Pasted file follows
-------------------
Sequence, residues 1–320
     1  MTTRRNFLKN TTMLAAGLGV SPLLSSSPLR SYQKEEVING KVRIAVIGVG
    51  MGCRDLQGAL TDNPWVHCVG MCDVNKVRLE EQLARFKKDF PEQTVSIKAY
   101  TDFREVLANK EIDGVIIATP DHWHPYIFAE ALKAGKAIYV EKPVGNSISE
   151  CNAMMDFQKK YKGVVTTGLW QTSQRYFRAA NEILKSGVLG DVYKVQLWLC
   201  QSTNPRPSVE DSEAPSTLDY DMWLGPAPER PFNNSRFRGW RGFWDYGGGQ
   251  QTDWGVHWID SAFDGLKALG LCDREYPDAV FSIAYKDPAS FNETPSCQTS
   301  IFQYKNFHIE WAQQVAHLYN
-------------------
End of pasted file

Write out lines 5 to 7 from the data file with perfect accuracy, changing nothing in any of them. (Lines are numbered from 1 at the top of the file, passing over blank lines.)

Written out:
   151  CNAMMDFQKK YKGVVTTGLW QTSQRYFRAA NEILKSGVLG DVYKVQLWLC
   201  QSTNPRPSVE DSEAPSTLDY DMWLGPAPER PFNNSRFRGW RGFWDYGGGQ
   251  QTDWGVHWID SAFDGLKALG LCDREYPDAV FSIAYKDPAS FNETPSCQTS